“Sir, I believe that what he is saying was a statement about his race. Perhaps they live in a dream state and functioning on a level that allows them to interact with us is unnatural to them.” T’Mon looked intrigued.
“Is that possible,” Sanjay asked, “to perceive reality from a dream-state?”
“It would not be impossible. Many beings that we refer to as mentally ill perceive their reality in a fugue or dream-like existence but if that was the natural way for your race, adjusting to our way of consciousness would be…like making yourself intentionally insane. We should hurry with our analysis of the current situation-I doubt these beings can communicate with us for long.”
Sanjay slapped his com badge, “Korlu, what do you have for me?”
“Sir, I don’t know much about Human history. I’m going to let Ensign Sanderson explain what we have found.”
Ensign Sanderson began to speak in a hesitant way. ”Captain, the cryo unit has a plaque welded to it. Sir, have you ever been to Disneyland over in Paris?”
Sanjay thought of a warm summer day with his parents, a day he had wished would never end. “Yes, Ensign, I’ve been there.”
“Sir, the plaque says: ‘Walter Elias Disney, 1901-1966’. Sir, I thought he was a myth.”
“I guess there really was a Disney, Ensign. Chief, has one of the doctors examined the, um, body?”
“Korlu cut back in. “Yessir. This guy is totally dead. His body didn’t survive the cryogenic procedure. It was pretty primitive technology, sir.”
T’Mon interrupted. “Captain, the dead brain of some humanoids, including Humans, can retain engrams beyond death if they are cryogenically suspended. It is possible that these people have used a technology that taps into that.”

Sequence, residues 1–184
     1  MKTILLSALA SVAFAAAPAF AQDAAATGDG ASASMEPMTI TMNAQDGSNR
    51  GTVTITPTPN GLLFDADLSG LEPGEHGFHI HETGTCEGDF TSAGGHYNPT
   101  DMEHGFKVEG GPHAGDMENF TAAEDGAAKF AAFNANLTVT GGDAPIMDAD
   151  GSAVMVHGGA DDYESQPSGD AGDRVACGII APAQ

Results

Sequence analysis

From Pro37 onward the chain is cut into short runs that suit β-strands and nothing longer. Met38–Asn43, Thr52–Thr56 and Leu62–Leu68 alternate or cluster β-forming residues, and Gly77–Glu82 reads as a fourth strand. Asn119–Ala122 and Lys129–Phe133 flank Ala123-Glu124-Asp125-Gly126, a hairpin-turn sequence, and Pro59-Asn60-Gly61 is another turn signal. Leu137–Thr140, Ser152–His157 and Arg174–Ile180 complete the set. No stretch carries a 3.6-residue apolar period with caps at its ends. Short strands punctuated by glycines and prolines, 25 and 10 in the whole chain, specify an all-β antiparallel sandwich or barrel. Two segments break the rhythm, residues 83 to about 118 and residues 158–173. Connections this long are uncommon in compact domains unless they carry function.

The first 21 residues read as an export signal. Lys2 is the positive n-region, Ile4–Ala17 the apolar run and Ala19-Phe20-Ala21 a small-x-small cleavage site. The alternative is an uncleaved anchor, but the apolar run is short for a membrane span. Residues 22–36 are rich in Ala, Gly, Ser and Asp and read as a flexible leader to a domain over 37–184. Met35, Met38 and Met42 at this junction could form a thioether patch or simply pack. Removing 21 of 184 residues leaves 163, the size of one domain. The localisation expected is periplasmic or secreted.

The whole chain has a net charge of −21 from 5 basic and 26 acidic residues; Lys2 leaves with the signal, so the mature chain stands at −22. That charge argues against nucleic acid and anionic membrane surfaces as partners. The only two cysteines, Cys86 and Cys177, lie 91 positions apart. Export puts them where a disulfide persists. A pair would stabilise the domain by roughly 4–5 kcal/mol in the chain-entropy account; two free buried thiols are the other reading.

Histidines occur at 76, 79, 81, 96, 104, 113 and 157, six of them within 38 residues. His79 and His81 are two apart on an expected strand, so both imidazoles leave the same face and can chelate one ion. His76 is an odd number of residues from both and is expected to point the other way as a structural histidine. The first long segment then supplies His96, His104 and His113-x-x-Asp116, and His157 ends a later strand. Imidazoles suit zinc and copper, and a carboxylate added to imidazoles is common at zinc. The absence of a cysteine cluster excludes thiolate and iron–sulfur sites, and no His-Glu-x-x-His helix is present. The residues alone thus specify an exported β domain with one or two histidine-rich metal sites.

Sanjay looked at him. “So you think all of these manifestations are the dead dreams of a dead man?”
T’Mon gestured at the bluebirds pinwheeling around each other near the ceiling. “That is a possibility, sir.”
After Sanjay contacted them and explained that the Dreamer they had ‘helped’ was, in fact, deceased, the Dreamers had vanished the bio-mimetic sheath and all traces of the manifestations from the Cochrane. They did not use a transporter. Their ships shimmered away soon after.
Sanjay went down to the cargo bay. When he entered, Ensign Sanderson was standing near the cryo unit.
“Hello, Captain,” he said. His hand rested on the sarcophagus.
“Ensign,” Sanjay responded. “I went there, too. I’ve seen the Magic Kingdom.” His voice sounded wistful. “I can’t help but wonder what he might have created with the tools we could have given him. It’s a shame the technology wasn’t good enough to save him. I would have liked to have seen the castles he would have built.”
Sanderson just watched him as he rubbed his hand on the sarcophagus, touching the plaque with a reverence.